Vacant, ornate Metropolitan Building to become hotel in downtown Detroit

The Metropolitan Building, center. By Steve Neavling
The Metropolitan Building, center. By Steve Neavling

By Steve Neavling
Motor City Muckraker

The vacant, 15-story Metropolitan Building, which was at risk of demolition a few years ago, will be converted into an extended-stay hotel with retail on the ground floor.

Metropolitan Building
Photo by Steve Neavling.

The gothic-style building in downtown Detroit has been vacant since the late 1970s and was falling apart and open to trespass for years. In May 2014, debris fell from the neglected building and crashed onto the roof a truck.  

But the building’s negligent owner, the Detroit’s Downtown Development Authority (DDA), found a group of developers interested in redeveloping the Metropolitan with 110 hotel rooms at 33 John R.

Metropolitan Hotel Partners LLC, a joint venture between Detroit-based Means Group and Roxbury Group, plans to rename the building “Element Detroit,” which is part of a larger chain Starwood Hotels and Resorts Worldwide, the Detroit News reports. 

“Element Detroit at the Metropolitan Building is a highly-anticipated addition to the brand’s rapidly growing portfolio and will present travelers with an appealing, new option for short and long stays,” said Allison Reid, senior vice president of North America Development, Starwood Hotels & Resorts Worldwide, Inc.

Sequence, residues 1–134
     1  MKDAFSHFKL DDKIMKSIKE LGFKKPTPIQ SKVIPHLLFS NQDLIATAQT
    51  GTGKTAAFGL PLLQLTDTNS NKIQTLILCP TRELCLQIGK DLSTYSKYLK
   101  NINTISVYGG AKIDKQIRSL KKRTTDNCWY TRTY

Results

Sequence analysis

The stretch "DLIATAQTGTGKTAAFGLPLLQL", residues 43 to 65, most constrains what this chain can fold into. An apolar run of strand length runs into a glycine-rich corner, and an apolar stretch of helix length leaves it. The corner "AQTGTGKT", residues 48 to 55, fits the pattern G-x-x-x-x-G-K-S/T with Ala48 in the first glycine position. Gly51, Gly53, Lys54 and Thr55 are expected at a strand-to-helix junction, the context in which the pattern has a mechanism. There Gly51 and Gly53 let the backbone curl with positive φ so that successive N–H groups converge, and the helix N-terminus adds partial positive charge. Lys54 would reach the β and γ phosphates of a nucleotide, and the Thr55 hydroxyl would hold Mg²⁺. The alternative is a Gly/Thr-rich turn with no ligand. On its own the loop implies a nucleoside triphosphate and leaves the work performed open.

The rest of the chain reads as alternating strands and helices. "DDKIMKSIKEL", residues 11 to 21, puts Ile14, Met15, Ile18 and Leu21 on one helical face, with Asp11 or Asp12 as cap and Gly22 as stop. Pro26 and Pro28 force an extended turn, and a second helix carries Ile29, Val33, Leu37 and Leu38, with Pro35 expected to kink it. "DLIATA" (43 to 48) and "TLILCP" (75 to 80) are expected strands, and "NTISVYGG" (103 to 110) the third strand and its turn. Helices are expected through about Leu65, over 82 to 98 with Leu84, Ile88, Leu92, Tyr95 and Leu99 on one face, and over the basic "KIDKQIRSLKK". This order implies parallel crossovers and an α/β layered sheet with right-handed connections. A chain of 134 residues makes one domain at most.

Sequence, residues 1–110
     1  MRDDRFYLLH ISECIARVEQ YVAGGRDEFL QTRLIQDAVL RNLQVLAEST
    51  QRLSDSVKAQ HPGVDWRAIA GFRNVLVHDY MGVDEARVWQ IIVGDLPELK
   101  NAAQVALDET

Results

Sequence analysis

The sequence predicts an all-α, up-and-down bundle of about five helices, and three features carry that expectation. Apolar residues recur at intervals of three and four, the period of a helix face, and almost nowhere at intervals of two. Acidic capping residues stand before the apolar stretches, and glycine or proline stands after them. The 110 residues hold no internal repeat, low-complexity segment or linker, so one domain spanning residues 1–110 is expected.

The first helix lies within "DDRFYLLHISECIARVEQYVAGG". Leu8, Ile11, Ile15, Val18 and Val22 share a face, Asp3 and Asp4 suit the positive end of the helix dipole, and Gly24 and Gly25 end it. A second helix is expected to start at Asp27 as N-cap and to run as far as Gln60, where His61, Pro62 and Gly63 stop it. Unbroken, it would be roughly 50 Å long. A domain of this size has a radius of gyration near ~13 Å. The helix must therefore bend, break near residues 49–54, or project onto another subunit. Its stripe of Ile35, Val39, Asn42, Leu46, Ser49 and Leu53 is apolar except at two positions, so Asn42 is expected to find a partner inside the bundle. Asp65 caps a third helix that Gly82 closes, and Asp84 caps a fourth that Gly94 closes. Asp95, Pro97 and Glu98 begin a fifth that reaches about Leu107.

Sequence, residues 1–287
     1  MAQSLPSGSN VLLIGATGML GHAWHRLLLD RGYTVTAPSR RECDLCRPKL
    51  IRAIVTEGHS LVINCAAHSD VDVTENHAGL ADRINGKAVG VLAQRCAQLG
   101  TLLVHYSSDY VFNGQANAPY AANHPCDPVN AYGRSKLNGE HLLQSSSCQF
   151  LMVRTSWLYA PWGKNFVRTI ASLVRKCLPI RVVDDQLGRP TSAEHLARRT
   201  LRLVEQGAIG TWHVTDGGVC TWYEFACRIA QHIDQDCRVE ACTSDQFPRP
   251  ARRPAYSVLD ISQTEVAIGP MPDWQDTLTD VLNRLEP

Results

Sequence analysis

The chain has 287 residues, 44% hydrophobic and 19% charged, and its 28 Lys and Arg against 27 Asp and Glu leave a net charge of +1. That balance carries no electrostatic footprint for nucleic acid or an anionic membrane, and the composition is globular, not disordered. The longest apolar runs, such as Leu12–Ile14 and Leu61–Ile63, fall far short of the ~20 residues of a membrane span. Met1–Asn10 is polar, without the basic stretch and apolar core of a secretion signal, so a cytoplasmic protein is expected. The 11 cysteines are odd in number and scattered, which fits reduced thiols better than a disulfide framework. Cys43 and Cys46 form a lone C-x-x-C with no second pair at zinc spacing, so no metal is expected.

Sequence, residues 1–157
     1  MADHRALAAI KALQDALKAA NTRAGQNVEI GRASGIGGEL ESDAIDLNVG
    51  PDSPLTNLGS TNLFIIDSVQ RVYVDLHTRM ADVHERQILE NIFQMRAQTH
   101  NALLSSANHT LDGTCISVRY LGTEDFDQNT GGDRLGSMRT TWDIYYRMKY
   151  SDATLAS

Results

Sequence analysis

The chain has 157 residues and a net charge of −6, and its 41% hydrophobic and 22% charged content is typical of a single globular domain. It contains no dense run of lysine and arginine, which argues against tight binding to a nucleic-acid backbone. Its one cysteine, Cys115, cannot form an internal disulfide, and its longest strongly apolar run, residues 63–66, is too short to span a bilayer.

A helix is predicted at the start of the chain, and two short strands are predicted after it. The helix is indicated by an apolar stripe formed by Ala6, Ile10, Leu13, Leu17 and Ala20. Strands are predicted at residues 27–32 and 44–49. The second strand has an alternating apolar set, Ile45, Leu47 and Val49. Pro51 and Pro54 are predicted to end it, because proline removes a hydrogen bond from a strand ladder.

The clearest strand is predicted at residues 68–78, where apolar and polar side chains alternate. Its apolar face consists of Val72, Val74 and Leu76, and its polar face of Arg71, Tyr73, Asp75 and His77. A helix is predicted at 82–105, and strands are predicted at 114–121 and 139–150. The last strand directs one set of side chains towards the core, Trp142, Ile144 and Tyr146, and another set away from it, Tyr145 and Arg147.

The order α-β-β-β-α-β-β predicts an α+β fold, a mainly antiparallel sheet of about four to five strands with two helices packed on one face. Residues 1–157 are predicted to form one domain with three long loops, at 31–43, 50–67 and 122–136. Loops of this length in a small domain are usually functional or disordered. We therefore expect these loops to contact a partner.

It’s expected to open in the summer of 2018.

The 91-year-old building was originally used to house jewelry retailers, dealers and manufacturers, according to Historicdetroit.org. It also became known as the Jewelers Building.

Under the ownership of the DDA, the Metropolitan had fallen into disrepair and was regularly open to trespassers, who vandalized the building. Its ornamental facade is covered in graffiti. 

The building’s 14-story neighbor, the Wurlitzer, which also was falling apart, is expected to be transformed into a boutique hotel with retail and restaurant space on the lower floors. 

Steve Neavling

Steve Neavling lives and works in Detroit as an investigative journalist. His stories have uncovered corruption, led to arrests and reforms and prompted FBI investigations.

  • Joeysback

    do we have enough visitors to warrant another hotel? I hope so, but the city of Detroit better offer more activities, and needs to put money into services and neighborhoods!!

  • tml

    Wasn’t it like the building was held hostage vs. being saved? Held hostage badly? Was it known then that the economic crisis faced by the city would be a fertile investment ground for the opportunists? Were the citizens made aware that the waiting period they experienced was for the “greater good of the community”? The ones who lived with declining police and fire service even though they paid their taxes… I have the greatest respect for… not stadiums or racetracks on parks (other societies volunteer here, so much sweat equity not accounted for in the comments)…. nor the people who may have contributed to the area’s decline for commercial gain. Nope, the real gems (not to slight Palmer in any way) are the land holders who viewed their homes as a right not a privilege, and fought against ‘economic ground zero’ to keep their place. And actually lived in them.

  • Harry Palmer

    cool building, always good to see these real “gems” saved.